Professional London Photographers

Professional Portrait Photographer And An Amateur

There’s a rising trend among the hipsters and the wanna-be ones these days. Apparently, just because prices of DSLR cameras are now more affordable and ergo more and more people can now buy one or two or even several of these for themselves, a lot of people now also introduce themselves as professional photographers. Professional meaning they now think they have the license to charge high rates, introduce themselves as professionals and even demand for certain things and perks that only the veterans used to enjoy. So now the question is – if more people now have the tendency to introduce themselves as photographers, how do you really weed out of the many and see who the real professional portrait photographers are and who the amateurs are?

 

The following points may help you figure out how to determine the professional portrait photographers from the amateurs.

 

1. Amateurs usually want the fast buck. This does not mean, however, that the veterans do not want the fast buck, too. Everyone wants and needs money, after all. The point here is that professionals usually focus on the photos first – the way these should be captured, the way they should evoke a certain emotion, the art and all that technical jazz. Amateurs, on the other hand, still have the tendency to focus on the money aspect – how much to charge, when to present the client with contracts, how to get more clients the faster and easier way. While professional portrait photographers also want to be busy with the money aspect, they would rather focus on keeping themselves busy by doing what they really want in the first place and that is to master the art of photography.

 

2. Professional portrait photographers make it a point to study, study, study. This means they will really allot time to study photography, study photos and even study how other photographers create their own photos. They spend time in improving their own skills. Amateurs, on the other hand, feel that they know enough. They’re the “know it alls.” They feel that they no longer need to improve because they’ve reached a certain status and that they do not have the time to educate themselves. Professionals think that there’s always room for improvement. Professional photographers believe that they should continually evolve and improve themselves and one way of doing this is to study, study, study.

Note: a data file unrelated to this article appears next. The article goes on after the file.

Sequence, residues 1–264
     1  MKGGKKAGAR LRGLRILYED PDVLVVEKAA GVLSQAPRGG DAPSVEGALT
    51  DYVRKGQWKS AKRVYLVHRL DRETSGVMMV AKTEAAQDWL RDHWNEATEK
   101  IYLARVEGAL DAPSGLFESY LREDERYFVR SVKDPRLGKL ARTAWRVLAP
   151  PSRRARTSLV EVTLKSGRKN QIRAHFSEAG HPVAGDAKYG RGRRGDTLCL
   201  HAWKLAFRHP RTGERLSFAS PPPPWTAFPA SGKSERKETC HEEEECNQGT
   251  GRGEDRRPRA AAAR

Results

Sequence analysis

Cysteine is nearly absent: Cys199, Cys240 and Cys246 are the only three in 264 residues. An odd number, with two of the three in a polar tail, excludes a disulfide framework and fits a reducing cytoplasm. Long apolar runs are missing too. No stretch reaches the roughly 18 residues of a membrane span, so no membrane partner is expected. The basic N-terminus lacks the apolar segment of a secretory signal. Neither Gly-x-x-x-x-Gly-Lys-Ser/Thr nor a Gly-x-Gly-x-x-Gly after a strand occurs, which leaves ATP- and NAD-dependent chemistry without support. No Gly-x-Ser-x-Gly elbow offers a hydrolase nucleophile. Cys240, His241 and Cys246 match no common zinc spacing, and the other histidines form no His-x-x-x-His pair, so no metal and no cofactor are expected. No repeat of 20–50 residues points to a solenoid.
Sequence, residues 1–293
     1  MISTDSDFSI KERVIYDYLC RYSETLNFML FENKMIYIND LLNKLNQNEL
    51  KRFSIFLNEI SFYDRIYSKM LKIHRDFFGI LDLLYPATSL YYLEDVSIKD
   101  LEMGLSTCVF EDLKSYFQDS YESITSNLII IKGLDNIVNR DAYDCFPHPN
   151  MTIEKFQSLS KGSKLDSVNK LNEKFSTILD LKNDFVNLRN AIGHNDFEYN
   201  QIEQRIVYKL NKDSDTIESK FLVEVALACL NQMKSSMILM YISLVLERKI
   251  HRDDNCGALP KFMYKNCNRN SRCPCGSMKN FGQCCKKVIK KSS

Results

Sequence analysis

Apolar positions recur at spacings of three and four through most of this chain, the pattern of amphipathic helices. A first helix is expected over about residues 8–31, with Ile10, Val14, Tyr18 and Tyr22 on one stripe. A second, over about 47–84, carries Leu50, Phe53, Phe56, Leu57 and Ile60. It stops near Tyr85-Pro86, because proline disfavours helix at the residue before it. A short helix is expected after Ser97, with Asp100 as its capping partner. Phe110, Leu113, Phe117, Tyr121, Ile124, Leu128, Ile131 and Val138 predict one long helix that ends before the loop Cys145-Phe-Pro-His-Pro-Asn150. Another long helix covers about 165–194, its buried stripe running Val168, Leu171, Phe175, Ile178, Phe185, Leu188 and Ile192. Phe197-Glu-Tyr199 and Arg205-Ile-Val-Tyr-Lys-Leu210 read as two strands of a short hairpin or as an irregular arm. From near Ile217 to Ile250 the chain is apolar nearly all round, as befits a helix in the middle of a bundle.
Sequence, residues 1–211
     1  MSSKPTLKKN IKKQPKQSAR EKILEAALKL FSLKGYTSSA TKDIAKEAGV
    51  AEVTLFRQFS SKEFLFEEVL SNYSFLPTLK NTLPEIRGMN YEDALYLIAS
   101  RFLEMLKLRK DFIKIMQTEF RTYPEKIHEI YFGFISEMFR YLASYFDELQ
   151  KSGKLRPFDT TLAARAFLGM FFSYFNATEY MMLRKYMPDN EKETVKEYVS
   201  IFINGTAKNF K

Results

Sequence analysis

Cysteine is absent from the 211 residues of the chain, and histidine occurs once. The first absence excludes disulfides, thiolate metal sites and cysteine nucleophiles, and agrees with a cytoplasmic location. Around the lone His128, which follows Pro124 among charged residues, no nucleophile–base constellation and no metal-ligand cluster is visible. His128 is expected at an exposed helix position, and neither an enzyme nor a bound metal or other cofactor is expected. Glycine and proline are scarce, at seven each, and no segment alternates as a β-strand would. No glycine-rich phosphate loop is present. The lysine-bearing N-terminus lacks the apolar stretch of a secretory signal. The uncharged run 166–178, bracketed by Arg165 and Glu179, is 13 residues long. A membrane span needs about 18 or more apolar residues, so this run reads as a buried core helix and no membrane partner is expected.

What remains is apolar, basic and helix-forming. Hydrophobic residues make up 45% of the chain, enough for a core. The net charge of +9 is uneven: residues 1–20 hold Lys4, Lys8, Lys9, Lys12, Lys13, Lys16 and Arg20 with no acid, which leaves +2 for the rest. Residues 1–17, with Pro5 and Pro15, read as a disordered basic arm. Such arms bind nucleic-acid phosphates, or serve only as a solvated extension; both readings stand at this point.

3. Professionals think that there’s more to life than photography and that there’s more to photography than just business. Amateurs usually have the tendency to think that because they’re new in this field and that competition is tight, they need to be always on the lookout. Amateurs want to focus on the business aspect all the time – from paper work to business permits to promotion to marketing to sales and even to branding. Amateurs like the business aspect of photography but professionals usually find that balance between business and doing what they love to do in the first place and that is photography.

 

4. Another way to determine which ones are the professional portrait photographers and which ones are the amateurs is to figure out who wants to create his or her own style. Amateurs usually like being copycats – they have favorite photographers and they tend to copy their idols. Professional photographers, on the other hand, quickly learn that to have your own style is really the way to go. Style, after all, will define you and make you different from all the rest. Style will also be the factor that will draw in the clients and not to mention the fans.

 

5. Professionals can do photography even without the money. Now this can be quite tricky. Amateurs usually have the tendency to charge fees anytime and every time their photography skills are put to use. Professional portrait photographers, on the other hand, have had enough saved up and have had enough experience to know that sometimes, there is a need to share your talent without really putting a price tag to it. This is where experience, tact and social responsibility come in. Professionals know that there are times when giving and sharing are far more important than charging fees. Professionals also know that there may be unpaid opportunities but these opportunities will be helpful especially when it comes to honing the skills. And sometimes, too, these opportunities will draw in even better and paid opportunities in the future. It’s really all just a matter of networking and giving back.

 

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